A recession is “on our doorstep,” but investors are falling into a goldilocks scenario, says Wells Fargo. It’s “not going to end well”

Wall Street’s repeated recession warnings are starting to lose their bite. After more than a year of consistent doomsday forecasts, the US economy has remained resilient in the face of persistent inflation, with the unemployment rate remaining near pre-pandemic lows and GDP growth continuing. The stock market has also rebounded from a dismal 2022, with the S&P jumping almost 16% since the start of the year.

Still, Darrel Cronk, president of the Wells Fargo Investment Institute, says the evidence remains overwhelming that a “recession is upon us.”

“Much of the manufacturing sector of the economy is already in recessionary territory,” Cronk told reporters during a mid-year outlook presentation this week, pointing to the ISM manufacturing index, which showed the sector contracted for the seventh consecutive month in May.

He noted that leading economic indicators have also been steadily declining for more than a year and are “at levels consistent with past recessionary cycles.” In his view, the Conference Board’s Leading Economic Indicators Index, which looks at data such as building permits, average weekly hours worked and new orders from manufacturers to get a sense of the health of the economy, fell for 13 straight months through April. Justyna Zabinska-La Monica, senior director of business cycle indicators at the Conference Board, said the data signaled “a deteriorating economic outlook”, noting that “weaknesses in underlying components were widespread”.

Cronk admitted that the labor market has held up this year and that the service sector of the economy has remained “somewhat strong” due to savings accumulated by consumers during the pandemic, but he said he always feared that the worst was yet to come for the economy. And Sameer Samana, senior equity strategist at the Wells Fargo Institute, argued that investors weren’t properly pricing this still-bleak economic outlook amid excitement over the latest developments in artificial intelligence and technology. fall in inflation.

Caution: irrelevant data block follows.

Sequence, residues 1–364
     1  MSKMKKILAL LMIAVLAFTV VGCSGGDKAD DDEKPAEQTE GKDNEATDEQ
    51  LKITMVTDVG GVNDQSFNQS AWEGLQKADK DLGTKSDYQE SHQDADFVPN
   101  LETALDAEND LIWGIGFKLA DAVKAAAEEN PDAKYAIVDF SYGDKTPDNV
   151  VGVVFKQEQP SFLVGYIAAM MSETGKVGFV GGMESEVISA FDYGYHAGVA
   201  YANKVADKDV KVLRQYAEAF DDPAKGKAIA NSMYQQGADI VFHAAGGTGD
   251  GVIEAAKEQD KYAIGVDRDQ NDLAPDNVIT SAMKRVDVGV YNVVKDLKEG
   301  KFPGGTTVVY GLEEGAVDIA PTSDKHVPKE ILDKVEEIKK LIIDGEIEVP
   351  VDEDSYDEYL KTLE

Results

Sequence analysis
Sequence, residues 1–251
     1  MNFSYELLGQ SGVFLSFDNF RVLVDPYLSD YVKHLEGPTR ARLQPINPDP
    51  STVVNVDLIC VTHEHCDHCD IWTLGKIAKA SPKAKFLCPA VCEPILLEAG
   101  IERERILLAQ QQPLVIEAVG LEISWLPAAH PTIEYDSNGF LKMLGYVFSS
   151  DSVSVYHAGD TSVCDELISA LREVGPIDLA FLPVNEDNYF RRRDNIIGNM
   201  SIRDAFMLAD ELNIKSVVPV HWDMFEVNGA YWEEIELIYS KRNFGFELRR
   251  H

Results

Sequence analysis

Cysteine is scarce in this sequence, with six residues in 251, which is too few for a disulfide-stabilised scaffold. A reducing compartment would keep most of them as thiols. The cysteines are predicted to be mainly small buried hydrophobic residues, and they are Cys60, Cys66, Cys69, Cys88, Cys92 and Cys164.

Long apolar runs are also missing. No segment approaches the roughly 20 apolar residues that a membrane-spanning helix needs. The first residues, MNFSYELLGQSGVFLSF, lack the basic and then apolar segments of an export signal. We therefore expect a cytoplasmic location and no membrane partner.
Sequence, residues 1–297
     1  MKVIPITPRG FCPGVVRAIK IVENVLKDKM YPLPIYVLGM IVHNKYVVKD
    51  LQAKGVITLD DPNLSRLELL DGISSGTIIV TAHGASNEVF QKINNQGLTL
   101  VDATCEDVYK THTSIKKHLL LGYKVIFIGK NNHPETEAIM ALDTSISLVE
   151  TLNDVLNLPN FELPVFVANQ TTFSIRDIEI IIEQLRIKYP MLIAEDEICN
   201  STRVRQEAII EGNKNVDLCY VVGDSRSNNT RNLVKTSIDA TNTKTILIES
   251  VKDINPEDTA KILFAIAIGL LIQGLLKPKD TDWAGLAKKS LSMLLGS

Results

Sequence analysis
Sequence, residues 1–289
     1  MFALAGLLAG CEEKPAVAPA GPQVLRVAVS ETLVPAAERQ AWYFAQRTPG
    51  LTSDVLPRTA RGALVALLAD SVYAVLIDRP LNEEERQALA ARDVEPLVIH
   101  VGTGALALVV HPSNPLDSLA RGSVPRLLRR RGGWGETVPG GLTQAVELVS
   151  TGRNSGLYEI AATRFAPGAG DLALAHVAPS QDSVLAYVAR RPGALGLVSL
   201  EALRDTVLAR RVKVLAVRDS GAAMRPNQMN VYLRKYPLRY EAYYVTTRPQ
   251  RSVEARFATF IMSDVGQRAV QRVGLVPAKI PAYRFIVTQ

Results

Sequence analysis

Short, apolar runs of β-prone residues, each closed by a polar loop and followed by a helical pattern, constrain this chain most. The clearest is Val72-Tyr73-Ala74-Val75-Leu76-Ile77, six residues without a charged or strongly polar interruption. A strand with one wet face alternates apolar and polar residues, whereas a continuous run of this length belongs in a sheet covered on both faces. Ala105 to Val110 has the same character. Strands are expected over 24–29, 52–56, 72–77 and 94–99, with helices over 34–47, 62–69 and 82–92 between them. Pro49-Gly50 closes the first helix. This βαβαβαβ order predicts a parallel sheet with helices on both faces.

“It’s the real dichotomy right now,” he explained during the mid-year outlook presentation. “The market seems to be pricing in a very rosy scenario…and we just don’t think it’s going to end that well.”

Prize for Perfection

Inflation remains well above the Federal Reserve’s 2% target; Fed Chairman Jerome Powell has warned that more interest rate hikes are on the way this year; and corporate earnings have been falling since the second quarter of 2022. But despite the warning signs, investors are still willing to pay a pretty penny for stocks, pushing stocks to valuations well above historical norms while throughout the year. Samana believes this could be a mistake due to the ongoing “earnings recession”.

The strategist noted that corporate revenues have been falling for the past few quarters because “parts of the economy are already in recession”, and on top of that the stronger than expected job market has left many companies with costs. “tights”.

“So what we’re noticing is margins are deteriorating, basically revenue is going down faster than sticky labor costs,” he said. As a recession hits the economy later this year, slowing corporate revenue growth and combining with higher labor costs to hurt earnings, Samana thinks the S&P 500 will fall around 7% from its current level at 4,100.

Still, there’s a reason so many investors have become increasingly optimistic lately. With year-over-year inflation falling from a four-decade high of 9.1% in June 2022 to just 4% in May, consumers are becoming more optimistic.

The University of Michigan consumer confidence index rose to 63.9 in June from 59.2 last month, beating economists’ consensus expectations and pushing the index to its highest level since February. And long-term inflation expectations also fell slightly from 3.1% to 3.0%, a positive sign for economists who feared that inflation expectations were becoming “entrenched” and keeping prices high. .

Some analysts also believe AI represents an $800 billion opportunity for tech companies alone this decade. Wedbush’s Dan Ives has repeatedly argued that the AI ​​”gold rush” has just begun, comparing it to the start of the dot-com bubble that began to inflate in 1995. And Tom Lee, co-founder of Equity research firm Fundstrat Global Advisors, which is known as Wall Street’s biggest bull, said earlier this week it believed the economy was sliding into an “expand” rather than a recession as inflation subsides and the Federal Reserve ends its cycle of raising interest rates.

For Samana, however, the risk may not be worth the reward. The strategist noted that the S&P 500 is currently trading at 20 times its highest earnings of last year, despite a recent contraction in earnings.

“We are going to be in a very volatile environment, with higher inflation and high rates where the Fed may or may not have finished [with interest rate hikes] and there’s a fair amount of uncertainty to go with it. You probably don’t want to pay such high earnings multiples in this environment,” he said. “I don’t think we’re going to take off to the top.”

This story was originally featured on Fortune.com

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